The parental controls on Youtube are there for a good reason. There are plenty of channels that are inappropriate for children under a certain age. LGBTQ groups protested immediately as plenty of LGBTQ channels were suddenly filtered due to the fact that they're often talking about sex and sexuality - claiming this was some sort of anti-gay censorship by Google. But even a random search shows that’s not exactly the case, as this channel targeted to pre-schoolers discussing sexuality is not filtered at all. For a while it seemed like Silicon Valley would really become successful at shifting our ethics to fit their technology. The genie is out of the bottle, nothing can be done. Information wants to be free, etc. But it turned out there were plenty of parents out there who wish their kids would not come into contact with anything regarding sex & sexuality until puberty hits, along with violent imagery and blood & gore-filled video games which is exactly why so many popular Youtubers are now filtered.
As Youtube implemented their channel labelling, hiding now "controversial" channels such as PewDiePIe's, Jontron's and thousands of other Youtubers, right-wing pundit Paul Joseph Watson is immediately claiming this is censorship. But he is missing the big picture. You can see any channels as long as you're signed in to Youtube and above a certain age. This means that Google now has better knowledge of who watches which channels. Not only that with your android phones that require Google login, they know exactly where these people are, at all times, too. As well as when they are home, and what they are doing there. If I were Paul I'd consider the ramifications of a single private company that knows your every move, political opinions, and even your route to work.

The rallying cry for leaving Youtube is now being heard again, but people forget that by uploading their content to a centralized hub in the first place they created Youtube. Monty Python videos were uploaded to youtube on the daily for years, then removed by the copyright holders who were trapped like a modern Sisyphus in a job that would never end as Youtube did nothing - and still does nothing - to prevent pirated content from being uploaded. Eventually Monty Python gave up and created a youtube channel. Paul Joseph Watson works for Alex Jones' Infowars - why are they uploading videos to youtube and cultivating an audience on a platform they can not control? Why is the BBC doing the same? CNN, FOX, hell everyone including Sweden's public service channels are uploaded to Youtube. Like the BBC, Sweden's SVT is paid for by requiring all who own a television or radio to buy a TV License, and subsidized by tax money. Why are we handing that content, for free, to a company that is notorious for not paying taxes?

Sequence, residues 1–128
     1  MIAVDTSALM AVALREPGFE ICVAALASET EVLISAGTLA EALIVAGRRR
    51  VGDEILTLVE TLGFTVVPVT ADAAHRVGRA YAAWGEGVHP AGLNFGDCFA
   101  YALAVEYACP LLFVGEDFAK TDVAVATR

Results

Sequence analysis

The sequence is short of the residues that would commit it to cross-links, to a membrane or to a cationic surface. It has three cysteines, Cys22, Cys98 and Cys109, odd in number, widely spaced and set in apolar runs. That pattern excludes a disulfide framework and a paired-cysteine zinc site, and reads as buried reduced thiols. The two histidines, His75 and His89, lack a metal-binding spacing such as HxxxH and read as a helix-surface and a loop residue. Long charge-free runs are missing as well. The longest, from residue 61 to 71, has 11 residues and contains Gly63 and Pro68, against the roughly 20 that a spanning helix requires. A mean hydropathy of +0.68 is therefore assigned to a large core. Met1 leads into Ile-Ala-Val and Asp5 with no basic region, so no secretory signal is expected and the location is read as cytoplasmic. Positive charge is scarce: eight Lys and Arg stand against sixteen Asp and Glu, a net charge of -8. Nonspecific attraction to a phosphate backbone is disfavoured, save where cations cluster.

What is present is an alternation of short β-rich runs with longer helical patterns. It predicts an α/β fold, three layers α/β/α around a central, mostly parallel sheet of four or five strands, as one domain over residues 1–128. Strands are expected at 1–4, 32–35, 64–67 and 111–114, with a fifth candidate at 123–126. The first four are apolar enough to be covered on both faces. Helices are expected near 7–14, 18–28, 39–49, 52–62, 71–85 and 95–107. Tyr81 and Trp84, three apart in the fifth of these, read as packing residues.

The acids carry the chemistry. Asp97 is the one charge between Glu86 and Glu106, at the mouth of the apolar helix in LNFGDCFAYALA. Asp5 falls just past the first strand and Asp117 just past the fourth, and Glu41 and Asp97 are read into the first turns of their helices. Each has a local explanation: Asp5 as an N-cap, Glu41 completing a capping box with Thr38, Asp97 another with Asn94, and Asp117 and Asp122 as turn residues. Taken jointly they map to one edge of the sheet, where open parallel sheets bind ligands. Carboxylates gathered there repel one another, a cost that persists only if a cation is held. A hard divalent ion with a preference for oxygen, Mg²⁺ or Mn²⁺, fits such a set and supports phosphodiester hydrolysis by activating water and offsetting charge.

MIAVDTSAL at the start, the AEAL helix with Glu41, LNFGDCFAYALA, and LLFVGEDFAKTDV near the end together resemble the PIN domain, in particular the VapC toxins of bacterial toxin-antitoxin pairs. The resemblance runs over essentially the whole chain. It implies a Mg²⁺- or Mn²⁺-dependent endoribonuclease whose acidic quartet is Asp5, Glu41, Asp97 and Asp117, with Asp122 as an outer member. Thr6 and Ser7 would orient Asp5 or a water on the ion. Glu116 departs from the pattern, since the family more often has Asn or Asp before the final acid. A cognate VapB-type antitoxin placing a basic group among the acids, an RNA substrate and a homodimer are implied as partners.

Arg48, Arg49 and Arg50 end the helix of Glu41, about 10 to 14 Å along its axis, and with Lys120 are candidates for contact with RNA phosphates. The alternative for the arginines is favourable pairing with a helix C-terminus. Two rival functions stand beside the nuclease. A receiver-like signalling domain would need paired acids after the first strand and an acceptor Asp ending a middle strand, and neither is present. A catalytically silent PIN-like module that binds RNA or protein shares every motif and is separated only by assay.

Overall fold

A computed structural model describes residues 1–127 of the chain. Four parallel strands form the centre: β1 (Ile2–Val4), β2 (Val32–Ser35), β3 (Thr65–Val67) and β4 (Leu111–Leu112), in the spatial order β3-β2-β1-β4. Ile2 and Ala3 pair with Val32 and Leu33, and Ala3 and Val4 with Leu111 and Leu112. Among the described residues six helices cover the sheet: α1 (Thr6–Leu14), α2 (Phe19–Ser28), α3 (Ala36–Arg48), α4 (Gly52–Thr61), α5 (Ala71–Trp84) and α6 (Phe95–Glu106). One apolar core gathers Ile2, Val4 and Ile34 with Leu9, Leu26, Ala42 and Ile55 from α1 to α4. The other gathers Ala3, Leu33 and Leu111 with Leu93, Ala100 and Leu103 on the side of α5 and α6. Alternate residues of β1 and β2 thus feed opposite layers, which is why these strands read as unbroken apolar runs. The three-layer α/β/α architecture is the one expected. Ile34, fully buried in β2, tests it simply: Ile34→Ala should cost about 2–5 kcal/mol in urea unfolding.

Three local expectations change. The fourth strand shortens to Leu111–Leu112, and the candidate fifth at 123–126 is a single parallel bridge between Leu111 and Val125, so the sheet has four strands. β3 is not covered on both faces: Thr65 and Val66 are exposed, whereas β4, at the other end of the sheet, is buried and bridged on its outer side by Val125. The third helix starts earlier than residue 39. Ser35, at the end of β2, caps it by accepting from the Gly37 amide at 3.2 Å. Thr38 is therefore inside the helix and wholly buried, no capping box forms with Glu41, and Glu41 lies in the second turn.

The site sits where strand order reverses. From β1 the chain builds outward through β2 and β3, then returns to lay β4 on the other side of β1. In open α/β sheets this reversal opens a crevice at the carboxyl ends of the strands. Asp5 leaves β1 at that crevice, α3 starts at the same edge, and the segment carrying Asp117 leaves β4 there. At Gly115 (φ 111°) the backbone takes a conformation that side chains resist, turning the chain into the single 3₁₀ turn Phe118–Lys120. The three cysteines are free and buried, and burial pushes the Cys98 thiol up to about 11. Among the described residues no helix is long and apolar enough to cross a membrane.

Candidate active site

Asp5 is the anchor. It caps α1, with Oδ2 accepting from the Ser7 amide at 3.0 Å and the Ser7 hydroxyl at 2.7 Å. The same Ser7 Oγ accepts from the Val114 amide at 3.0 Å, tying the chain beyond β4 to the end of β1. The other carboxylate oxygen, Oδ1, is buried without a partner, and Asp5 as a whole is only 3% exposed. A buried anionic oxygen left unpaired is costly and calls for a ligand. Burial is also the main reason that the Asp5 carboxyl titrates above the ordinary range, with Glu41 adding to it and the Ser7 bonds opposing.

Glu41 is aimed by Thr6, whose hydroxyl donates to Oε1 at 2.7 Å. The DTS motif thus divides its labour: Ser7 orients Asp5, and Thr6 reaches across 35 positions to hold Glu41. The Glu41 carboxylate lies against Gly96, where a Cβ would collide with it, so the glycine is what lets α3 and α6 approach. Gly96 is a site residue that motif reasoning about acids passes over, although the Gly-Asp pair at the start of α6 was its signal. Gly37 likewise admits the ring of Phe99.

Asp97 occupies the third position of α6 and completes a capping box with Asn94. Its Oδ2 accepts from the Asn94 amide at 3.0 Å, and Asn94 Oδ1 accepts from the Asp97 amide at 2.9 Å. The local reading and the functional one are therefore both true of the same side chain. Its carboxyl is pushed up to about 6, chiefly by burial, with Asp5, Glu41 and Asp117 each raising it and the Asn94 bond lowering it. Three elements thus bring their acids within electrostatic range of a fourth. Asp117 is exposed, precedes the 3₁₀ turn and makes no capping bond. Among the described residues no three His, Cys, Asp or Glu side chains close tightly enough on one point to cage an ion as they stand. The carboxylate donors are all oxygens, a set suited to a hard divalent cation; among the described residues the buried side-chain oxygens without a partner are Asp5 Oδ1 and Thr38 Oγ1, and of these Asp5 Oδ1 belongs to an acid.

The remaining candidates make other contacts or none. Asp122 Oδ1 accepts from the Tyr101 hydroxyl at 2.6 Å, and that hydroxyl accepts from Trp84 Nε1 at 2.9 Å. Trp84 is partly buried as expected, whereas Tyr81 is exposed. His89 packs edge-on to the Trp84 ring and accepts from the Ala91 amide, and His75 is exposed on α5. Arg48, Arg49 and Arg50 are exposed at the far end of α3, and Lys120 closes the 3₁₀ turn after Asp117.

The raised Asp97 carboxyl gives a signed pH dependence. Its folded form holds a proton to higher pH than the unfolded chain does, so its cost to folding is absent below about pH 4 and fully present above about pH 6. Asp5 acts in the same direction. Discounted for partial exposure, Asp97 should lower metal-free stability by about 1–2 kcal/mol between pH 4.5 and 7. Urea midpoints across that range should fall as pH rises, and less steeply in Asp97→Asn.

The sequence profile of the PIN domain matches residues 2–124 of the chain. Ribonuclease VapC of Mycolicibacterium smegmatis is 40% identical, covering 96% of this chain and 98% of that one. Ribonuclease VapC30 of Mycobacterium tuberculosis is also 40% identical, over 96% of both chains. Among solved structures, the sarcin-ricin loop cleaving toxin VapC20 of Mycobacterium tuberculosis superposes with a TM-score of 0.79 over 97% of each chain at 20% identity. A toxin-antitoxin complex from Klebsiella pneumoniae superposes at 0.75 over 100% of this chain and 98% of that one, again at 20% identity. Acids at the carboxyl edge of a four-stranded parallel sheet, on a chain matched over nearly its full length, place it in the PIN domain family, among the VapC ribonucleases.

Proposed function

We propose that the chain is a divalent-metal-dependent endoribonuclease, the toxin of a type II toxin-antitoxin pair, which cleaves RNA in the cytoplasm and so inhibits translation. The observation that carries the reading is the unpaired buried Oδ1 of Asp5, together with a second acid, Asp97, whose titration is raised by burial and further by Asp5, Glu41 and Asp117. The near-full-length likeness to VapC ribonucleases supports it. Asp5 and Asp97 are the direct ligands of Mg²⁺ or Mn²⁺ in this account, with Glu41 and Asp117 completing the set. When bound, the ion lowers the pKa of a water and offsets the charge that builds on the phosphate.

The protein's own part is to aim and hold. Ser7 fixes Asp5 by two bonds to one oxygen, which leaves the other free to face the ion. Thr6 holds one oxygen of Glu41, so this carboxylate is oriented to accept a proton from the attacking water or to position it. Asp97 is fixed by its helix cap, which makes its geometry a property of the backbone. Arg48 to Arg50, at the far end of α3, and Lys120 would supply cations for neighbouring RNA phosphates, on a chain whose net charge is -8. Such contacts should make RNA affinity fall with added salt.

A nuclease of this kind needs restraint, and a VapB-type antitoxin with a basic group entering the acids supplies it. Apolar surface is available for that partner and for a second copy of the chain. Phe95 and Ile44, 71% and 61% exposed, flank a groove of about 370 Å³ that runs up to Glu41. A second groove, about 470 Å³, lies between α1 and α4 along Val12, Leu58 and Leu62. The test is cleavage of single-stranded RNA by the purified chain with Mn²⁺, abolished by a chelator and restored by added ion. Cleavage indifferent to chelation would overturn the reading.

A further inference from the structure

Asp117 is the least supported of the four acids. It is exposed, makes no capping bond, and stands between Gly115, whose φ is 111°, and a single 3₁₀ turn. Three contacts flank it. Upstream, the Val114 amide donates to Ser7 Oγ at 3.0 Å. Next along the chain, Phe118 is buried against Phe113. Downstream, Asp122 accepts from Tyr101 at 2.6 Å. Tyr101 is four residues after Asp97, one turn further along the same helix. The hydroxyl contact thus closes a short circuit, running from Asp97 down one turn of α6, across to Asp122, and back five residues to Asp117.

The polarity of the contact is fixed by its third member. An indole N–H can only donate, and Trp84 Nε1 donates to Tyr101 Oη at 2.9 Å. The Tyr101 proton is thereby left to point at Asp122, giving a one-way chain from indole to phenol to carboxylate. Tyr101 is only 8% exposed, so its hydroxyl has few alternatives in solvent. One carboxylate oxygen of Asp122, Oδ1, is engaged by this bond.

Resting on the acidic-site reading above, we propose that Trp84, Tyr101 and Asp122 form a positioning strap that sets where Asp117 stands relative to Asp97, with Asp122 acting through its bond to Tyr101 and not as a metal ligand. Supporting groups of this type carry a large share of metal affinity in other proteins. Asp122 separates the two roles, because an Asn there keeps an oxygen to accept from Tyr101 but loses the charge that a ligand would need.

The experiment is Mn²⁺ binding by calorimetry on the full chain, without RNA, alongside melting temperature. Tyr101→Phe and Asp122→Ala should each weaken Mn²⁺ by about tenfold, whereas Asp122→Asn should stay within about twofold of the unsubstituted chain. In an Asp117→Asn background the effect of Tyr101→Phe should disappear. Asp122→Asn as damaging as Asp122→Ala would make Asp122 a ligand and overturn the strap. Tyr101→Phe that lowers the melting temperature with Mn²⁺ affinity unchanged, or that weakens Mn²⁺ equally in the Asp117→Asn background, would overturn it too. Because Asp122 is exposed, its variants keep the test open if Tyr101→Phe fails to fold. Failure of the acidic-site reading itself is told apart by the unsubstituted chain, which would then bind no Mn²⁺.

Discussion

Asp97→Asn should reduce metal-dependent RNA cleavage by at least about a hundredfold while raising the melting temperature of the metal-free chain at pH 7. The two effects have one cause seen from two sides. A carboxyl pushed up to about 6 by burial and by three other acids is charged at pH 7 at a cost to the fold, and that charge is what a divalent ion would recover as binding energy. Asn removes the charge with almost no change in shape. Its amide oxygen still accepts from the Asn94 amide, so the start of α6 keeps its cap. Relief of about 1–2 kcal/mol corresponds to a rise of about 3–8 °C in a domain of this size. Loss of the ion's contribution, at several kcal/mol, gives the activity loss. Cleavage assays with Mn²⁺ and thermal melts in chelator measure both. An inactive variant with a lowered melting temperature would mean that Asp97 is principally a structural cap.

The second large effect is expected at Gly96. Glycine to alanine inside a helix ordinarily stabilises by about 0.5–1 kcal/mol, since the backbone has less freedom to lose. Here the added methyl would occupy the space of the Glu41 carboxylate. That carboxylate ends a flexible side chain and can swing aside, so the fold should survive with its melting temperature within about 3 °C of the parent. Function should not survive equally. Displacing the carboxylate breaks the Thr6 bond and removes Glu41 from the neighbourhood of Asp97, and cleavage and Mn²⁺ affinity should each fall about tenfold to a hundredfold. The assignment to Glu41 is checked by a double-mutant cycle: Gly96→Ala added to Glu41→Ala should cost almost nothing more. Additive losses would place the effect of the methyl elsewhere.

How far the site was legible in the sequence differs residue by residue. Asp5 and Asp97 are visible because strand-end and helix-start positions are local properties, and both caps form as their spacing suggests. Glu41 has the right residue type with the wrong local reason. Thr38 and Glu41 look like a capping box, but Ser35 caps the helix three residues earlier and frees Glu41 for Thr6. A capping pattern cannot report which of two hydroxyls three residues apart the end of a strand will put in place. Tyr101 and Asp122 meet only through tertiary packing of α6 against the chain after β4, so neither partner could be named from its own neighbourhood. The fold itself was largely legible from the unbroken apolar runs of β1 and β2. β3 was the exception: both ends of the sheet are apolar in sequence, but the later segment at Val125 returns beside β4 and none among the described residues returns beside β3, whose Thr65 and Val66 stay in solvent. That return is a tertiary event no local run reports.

It was obvious that the web would be video in the future; I bet my free time on it creating this website back in 1996. But pre-2005, people still had the sense to use their own platforms and cultivated the ideas of social networking together and news spreading with everything from FOAF to RSS. Staying true to the decentralized roots that made early internet an unkillable network. What happened was we took a hard turn toward a centralized web, where just three major players own literally everything -- and they got this big thanks to you. The irony to me is that the world’s largest advertising company - Google - has the image of being free from advertising, ever since they launched a pure white search page in the late 90s. Both Brin and Page wrote a research paper against "advertising funded search engines" in 1998 as that was in vogue at the time. But money talks and advertising is a goldmine. Especially when your sellable media is other people’s content, other people’s blogs, even other people’s newspapers. Google doesn't have to create anything, they just put ads on it. But now the effects are obvious even to the dense. By making Google rich, we are making the web poorer.